The Loyalists were taken totally by surprise. About 3 o'clock as the Whigs began to encircle the mountain, Ferguson's pickets found them and skirmished briefly. Campbell's regiment on the southeastern and Shelby's on the northwestern slope simultaneously opened the engagement. From the crest the Loyalists rained down a volley fire, but the densely wooded sides of the mountain provided the attackers with good cover. One of them later recalled that he "took right up the side of the mountain and fought from tree to tree. . . to the summit." As the two Whig regiments neared Ferguson's lines, the Loyalists charged with the bayonet and drove them down. Twice Campbell's and Shelby's men were driven down the slope by Loyalist muskets and bayonets before attacks on the Loyalists from other Whig regiments enabled them to push to the summit. To one of the attackers, the mountain appeared "volcanic; there flashed along its summit, and around its base, and up its sides, one long sulphurous blaze."
Over the vicious crack of rifles and the shouts and crashing of men through the brush there sounded continually the shrill call of the silver whistle with which Patrick Ferguson maneuvered his men. Cruelly punishing an agile horse, he was everywhere, a conspicuous target in a checkered hunting shirt, with his great silver whistle in his teeth. Suddenly, he fell from his horse, one foot hanging in a stirrup and several bullets in his body. His men propped him against a tree, where he died. And his second-in-command ordered a white flag hoisted.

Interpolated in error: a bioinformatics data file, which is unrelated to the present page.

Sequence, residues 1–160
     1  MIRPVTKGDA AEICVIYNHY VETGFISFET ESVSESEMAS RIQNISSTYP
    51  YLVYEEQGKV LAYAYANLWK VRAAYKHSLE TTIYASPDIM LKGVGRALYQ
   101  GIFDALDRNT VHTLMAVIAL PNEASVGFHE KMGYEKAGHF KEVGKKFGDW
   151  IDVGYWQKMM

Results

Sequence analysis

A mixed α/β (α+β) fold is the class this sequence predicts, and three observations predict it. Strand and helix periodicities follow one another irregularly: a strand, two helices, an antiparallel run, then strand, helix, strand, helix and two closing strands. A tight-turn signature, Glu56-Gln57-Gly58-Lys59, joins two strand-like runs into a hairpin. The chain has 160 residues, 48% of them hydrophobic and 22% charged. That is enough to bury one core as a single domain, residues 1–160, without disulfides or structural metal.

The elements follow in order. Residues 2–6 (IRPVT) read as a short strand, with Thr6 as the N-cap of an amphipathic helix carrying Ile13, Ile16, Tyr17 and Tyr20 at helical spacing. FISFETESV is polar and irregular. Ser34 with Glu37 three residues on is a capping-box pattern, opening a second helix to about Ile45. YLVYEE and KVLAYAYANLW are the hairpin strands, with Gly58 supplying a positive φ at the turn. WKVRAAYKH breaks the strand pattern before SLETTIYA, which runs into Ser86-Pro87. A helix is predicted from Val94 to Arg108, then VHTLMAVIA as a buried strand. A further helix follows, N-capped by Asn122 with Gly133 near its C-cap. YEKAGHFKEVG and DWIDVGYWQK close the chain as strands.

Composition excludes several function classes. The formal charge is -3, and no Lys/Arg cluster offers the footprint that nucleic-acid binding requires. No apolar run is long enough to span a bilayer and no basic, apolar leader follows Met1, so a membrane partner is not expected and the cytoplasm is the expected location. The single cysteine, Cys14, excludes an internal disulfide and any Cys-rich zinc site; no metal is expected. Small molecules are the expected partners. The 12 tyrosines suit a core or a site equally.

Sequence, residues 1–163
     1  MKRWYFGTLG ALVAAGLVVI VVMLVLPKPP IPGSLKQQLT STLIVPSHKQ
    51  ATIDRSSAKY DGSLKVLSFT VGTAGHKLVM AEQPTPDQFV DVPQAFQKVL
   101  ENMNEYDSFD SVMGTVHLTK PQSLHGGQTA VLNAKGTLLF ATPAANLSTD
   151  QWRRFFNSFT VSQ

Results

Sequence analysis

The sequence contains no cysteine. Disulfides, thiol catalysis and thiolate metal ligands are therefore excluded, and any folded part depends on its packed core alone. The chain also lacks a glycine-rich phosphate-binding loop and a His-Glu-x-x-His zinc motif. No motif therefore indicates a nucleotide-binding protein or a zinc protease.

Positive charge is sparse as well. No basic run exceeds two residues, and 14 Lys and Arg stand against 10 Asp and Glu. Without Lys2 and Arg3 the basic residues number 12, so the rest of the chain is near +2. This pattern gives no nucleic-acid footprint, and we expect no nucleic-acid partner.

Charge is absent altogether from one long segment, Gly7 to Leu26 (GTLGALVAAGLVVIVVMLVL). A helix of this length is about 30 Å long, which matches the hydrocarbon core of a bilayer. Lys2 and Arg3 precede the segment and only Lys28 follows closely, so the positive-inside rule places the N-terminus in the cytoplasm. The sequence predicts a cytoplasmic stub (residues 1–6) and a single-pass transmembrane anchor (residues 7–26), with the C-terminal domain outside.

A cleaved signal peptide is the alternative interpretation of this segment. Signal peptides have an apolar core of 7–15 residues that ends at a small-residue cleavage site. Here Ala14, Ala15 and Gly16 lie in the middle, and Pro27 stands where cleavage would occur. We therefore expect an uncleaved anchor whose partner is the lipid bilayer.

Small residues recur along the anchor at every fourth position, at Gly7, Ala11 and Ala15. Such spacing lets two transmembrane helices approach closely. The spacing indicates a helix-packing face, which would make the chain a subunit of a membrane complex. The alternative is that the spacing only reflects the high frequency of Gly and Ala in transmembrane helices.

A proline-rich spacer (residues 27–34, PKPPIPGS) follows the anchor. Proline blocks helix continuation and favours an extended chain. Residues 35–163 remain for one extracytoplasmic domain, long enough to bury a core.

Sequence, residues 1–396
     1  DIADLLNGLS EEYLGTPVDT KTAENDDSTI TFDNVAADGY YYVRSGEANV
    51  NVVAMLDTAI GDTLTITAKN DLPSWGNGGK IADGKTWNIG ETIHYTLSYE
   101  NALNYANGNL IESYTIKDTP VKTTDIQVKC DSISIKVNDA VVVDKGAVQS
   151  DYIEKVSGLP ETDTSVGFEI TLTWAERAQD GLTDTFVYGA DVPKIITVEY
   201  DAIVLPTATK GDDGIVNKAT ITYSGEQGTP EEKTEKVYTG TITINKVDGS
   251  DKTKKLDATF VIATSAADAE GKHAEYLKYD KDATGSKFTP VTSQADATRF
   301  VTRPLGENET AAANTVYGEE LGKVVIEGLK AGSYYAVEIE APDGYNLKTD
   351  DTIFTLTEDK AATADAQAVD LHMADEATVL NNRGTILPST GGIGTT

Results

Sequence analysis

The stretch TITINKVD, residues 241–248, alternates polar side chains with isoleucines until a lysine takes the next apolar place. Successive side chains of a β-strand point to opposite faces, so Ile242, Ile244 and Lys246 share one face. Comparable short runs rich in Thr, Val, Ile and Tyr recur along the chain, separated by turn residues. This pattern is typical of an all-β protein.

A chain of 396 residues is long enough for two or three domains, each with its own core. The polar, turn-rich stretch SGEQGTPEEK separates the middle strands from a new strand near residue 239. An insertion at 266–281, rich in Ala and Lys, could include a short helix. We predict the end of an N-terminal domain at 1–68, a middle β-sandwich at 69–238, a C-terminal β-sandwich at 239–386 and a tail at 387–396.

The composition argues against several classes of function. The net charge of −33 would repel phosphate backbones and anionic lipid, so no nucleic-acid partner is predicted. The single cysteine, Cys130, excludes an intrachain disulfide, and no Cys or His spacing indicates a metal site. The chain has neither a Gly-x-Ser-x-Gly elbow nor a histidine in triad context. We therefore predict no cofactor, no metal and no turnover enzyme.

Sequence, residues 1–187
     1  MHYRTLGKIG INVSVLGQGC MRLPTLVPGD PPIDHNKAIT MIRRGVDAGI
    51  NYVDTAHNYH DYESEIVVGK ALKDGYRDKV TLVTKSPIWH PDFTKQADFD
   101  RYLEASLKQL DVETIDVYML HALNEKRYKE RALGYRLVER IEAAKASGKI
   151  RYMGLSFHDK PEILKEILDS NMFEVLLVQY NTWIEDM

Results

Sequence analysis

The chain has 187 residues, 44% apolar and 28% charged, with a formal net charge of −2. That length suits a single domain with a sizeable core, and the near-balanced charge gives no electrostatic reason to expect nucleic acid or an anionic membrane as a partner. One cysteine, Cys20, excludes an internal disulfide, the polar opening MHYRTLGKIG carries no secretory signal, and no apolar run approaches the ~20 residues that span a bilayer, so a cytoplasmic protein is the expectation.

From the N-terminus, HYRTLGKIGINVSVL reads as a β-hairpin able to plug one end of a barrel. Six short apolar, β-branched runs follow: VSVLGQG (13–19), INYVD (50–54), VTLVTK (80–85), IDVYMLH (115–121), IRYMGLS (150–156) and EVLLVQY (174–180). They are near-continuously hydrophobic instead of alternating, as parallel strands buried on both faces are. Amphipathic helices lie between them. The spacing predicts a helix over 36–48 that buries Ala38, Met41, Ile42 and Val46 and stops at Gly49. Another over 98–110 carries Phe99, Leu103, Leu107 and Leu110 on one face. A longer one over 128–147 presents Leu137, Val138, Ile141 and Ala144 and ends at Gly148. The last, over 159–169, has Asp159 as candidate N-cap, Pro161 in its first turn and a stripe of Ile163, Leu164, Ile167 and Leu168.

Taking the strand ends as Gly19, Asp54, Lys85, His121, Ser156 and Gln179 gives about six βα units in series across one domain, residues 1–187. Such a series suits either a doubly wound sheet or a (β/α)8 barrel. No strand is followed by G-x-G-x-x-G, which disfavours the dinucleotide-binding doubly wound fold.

The fight had "continued warm for an hour," and despite Loyalist cries of surrender, the Whig commanders could not immediately restrain their men, who continued to shoot down the terrified, disordered enemy. For some time American Whigs slew American Tories: Ferguson had been the only British soldier on either side of the relentless battle. The "back water men," whom Ferguson had scorned, had slain 225 Loyalists, wounded 163, and taken 716 prisoners, with a loss to themselves of 28 killed and 62 wounded.
The aftermath of the battle was cruel and gruesome. The autumn darkness descended swiftly. The victors, one of them wrote, "had to encamp on the ground with the dead and wounded, and pass the night amid groans and lamentations." "The groans of the wounded and dying on the mountain," said another, "were truly affecting-begging piteously for a little water; but in the hurry, confusion and exhaustion of the Whigs, these cries, when emanating from the Tories, were little heeded."